Taylor Swift no se asocia con la venta de ollas Le Creuset

Taylor Swift’s love for Le Creuset is real: her collection of cookware has appeared on a Tumblr account dedicated to the pop star’s home decor, seen in the wedding gifts she gave to a fan, and in a Netflix documentary featured on Le Creuset’s Facebook page. However, the alleged endorsement of Swift’s products by the company, which have recently appeared in ads on Facebook and other media featuring her face and voice, is not real.

These ads are a part of the growing number of scams centered around celebrities that have become more convincing due to artificial intelligence. Within a single week in October, actor Tom Hanks, journalist Gayle King, and YouTuber Mr. Beast, claimed that they had been used without permission to promote suspicious dental plans, iPhone gift offers, and other ads using AI-generated versions of themselves. Swift herself had a synthetic version of her voice combined with images and videos of Le Creuset cookware in the ads. Her clonned voice directed her “swifties” to click a button and answer questions in order to receive the cookware before the end of the day.

Le Creuset denied any collaboration with the singer in any giveaway. The company urged buyers to check their official online accounts before clicking on suspicious ads. Representatives for Swift, who was named Time magazine’s person of the year in 2023, did not respond to requests for comment.

The use of celebrities in advertising has a long history, often without their intention. Just over three decades ago, singer Tom Waits sued Frito-Lay – and won nearly $2.5 million – after the potato chip company imitated his voice in a radio ad without permission. The Le Creuset scam campaign also involved fake versions of Martha Stewart and Oprah Winfrey, who in 2022 published a video expressing her annoyance at the prevalence of false ads on social media, emails, and websites claiming falsely that she endorsed weight loss gummies.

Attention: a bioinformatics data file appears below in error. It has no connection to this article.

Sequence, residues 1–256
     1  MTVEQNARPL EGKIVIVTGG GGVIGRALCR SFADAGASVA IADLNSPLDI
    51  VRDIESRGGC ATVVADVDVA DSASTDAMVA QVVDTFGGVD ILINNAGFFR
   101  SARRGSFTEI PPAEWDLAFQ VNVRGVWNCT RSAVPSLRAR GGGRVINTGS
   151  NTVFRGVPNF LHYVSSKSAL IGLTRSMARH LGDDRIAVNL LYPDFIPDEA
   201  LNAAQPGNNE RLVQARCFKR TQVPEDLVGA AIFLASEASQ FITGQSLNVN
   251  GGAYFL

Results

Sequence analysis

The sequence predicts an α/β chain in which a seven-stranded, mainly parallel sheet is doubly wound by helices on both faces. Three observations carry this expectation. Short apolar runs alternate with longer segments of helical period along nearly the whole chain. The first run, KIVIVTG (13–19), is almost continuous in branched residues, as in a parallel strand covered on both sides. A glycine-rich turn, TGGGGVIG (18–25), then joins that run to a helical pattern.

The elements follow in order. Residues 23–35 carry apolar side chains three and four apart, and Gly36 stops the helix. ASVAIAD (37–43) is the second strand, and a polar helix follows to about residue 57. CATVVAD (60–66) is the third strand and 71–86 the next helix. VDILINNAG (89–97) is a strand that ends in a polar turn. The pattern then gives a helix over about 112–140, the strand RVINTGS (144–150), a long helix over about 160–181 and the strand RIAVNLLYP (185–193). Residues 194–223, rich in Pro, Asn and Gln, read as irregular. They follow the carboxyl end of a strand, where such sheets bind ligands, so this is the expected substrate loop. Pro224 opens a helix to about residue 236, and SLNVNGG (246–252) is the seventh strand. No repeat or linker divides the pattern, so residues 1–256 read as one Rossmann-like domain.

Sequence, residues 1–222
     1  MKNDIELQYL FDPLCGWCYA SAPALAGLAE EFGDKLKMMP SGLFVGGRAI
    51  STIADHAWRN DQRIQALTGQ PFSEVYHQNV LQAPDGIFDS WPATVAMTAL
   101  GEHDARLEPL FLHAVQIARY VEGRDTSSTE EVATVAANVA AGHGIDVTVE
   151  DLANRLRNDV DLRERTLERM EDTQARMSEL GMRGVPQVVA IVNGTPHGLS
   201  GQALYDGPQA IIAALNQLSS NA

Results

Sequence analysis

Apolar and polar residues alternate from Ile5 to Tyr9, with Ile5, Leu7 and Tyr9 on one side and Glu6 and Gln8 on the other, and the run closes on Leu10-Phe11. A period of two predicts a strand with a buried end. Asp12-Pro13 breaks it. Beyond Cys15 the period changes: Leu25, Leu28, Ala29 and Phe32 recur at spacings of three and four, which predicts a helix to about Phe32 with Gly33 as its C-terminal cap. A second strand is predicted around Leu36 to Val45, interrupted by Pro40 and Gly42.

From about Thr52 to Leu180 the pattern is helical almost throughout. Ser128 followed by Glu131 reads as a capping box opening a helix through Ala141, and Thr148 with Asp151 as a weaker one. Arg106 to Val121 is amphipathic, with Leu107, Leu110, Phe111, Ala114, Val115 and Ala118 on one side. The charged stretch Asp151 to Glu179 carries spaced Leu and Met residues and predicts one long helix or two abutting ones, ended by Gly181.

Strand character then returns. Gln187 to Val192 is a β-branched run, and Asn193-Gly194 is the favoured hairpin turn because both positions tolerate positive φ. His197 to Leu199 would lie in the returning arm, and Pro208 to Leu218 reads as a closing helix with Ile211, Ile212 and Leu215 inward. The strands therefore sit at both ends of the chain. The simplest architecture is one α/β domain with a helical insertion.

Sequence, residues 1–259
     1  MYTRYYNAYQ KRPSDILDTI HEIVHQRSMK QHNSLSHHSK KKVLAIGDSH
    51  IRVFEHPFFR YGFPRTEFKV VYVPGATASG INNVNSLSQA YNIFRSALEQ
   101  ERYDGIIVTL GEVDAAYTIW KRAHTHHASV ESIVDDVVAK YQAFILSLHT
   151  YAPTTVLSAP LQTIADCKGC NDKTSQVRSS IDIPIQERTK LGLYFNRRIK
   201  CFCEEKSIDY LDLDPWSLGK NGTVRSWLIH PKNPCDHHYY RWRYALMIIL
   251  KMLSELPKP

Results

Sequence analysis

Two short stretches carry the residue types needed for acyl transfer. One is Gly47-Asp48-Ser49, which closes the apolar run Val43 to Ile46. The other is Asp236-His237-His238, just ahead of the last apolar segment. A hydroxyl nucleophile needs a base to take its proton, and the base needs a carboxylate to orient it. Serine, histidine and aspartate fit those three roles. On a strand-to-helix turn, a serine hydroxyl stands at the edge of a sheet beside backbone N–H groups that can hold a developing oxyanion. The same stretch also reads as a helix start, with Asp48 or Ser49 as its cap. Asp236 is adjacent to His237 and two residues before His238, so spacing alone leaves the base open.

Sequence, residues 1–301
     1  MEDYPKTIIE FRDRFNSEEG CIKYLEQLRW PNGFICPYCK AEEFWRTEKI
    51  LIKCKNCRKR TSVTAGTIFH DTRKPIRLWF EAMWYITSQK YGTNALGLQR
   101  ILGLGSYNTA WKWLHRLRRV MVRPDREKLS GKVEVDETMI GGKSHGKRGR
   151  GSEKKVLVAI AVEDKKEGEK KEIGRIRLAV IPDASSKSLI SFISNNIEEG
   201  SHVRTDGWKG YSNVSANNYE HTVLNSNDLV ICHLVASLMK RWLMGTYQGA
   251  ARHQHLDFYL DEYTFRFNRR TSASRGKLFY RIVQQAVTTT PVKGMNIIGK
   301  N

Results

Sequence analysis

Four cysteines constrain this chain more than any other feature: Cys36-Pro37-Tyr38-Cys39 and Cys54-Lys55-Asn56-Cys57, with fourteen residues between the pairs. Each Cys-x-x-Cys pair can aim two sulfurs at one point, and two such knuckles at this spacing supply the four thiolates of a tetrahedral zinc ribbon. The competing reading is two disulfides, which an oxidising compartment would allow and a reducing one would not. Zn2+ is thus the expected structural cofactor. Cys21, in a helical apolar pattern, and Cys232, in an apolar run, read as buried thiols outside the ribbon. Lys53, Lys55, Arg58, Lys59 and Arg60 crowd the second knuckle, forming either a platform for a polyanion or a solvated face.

The advancements in artificial intelligence have made it very easy to create unauthorized digital replicas of real people, especially fake audio, which is easy to produce and difficult to identify. The Le Creuset scam was likely created with a text-to-voice conversion service. Dozens of similar Le Creuset scam ads, imitating the likes of Swift, Martha Stewart, and others, were visible on Facebook and TikTok, pushing users to pay a “small $9.96 shipping fee” for the promised kitchenware, followed by undisclosed monthly charges and no delivery.

The Better Business Bureau warned that these scams using AI-generated fake celebrities are “more convincing than ever”. Victims often face higher charges than expected and no product delivered. Banks have also reported financial fraud attempts using ultra-fake voice recordings or synthetic replicas of real people’s voices.

Several well-known figures have had to publicly distance themselves from ads in which their image or voice was manipulated by fake AI. Luke Combs and Lainey Wilson were among those who had to refute false ads circulating online, with Wilson slamming those who use AI to deceive for profit. Meanwhile, legislators have introduced bills to limit the harm of AI scams, but with no federal laws to address them, only some states currently regulate AI-generated content.

For now, Swift will likely continue to be subject to experiments with this technology. Synthetic versions of her voice regularly appear on TikTok, singing songs she never sang, criticizing critics, and even serving as ringtones. A website even offers personalized voice messages from the “AI Taylor Swift clone,” promising an indistinguishable replicated voice from the real one for $20.

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